What a week for election news. With the December debate coming up, the candidates seem to be dropping like flies. This time, it’s a major name ending a campaign that had begun with high hopes and an aura of “front runner” near the beginning. For California Senator Kamala Harris, however, that status never seemed to truly materialize. Earlier this morning we reported on new polling which showed Harris hitting an all-time low in support being overtaken by newcomer Mike Bloomberg. In that story, we speculated that the clock was already ticking on Harris’ exit. A few hours later, and here we are.

Harris has announced that as of today, she is suspending her presidential campaign and will go back to her duties in the U.S. Senate:

Harris had already qualified for the December Democratic debate, though her recent polling was abysmal for any candidate outside the bottom tier.

As the Washington Post reports, Harris entered as a “rising star” in the Democratic Party but departs with a battered ego:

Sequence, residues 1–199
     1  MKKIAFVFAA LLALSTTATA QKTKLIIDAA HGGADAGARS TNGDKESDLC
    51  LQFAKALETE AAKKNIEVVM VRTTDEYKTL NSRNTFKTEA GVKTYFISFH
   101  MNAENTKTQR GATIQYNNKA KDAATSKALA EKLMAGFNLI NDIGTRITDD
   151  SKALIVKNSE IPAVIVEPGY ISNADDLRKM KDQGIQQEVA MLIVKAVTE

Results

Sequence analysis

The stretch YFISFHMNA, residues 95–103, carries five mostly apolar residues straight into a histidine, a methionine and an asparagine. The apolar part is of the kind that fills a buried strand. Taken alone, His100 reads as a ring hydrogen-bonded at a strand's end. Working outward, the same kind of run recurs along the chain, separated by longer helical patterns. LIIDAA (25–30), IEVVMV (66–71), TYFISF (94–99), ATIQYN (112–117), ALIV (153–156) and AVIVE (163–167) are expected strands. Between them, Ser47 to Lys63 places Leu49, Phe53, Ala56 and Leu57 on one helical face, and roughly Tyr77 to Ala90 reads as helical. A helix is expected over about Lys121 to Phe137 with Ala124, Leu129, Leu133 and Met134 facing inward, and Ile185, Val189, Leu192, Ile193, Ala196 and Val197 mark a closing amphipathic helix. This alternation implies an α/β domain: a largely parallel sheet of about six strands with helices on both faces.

Harris, 55, entered the race a rising star. Her January announcement rally in Oakland drew more than 22,000 people. Trump, himself, praised Harris at the time for having the “best opening so far” and a “better crowd, better enthusiasm” than the other Democratic candidates.

But Harris has struggled to recreate that level of enthusiasm. While she has consistently sought to be the candidate who could appeal to all parts of her party, she has veered from one message to another in an effort to kindle support.

Harris was also hindered by the internal dynamics of her campaign, which is run by her sister, Maya, along with longtime advisers and their partners in a California-based consulting firm. Multiple people in and around the campaign described competing power centers and said it’s unclear who, exactly, is in charge.

Her campaign had become very, very disorganized in recent months to the point that senior staffers lacked direction and many questionable decisions were being made. It’s unclear where Harris’ support will end up going, perhaps a mix of Biden and Warren could pick up a small boost.

Harris’ departure from the race will bring the December debate back to six candidates for now, though Tulsi Gabbard and Andrew Yang remain on the cusp of qualifying.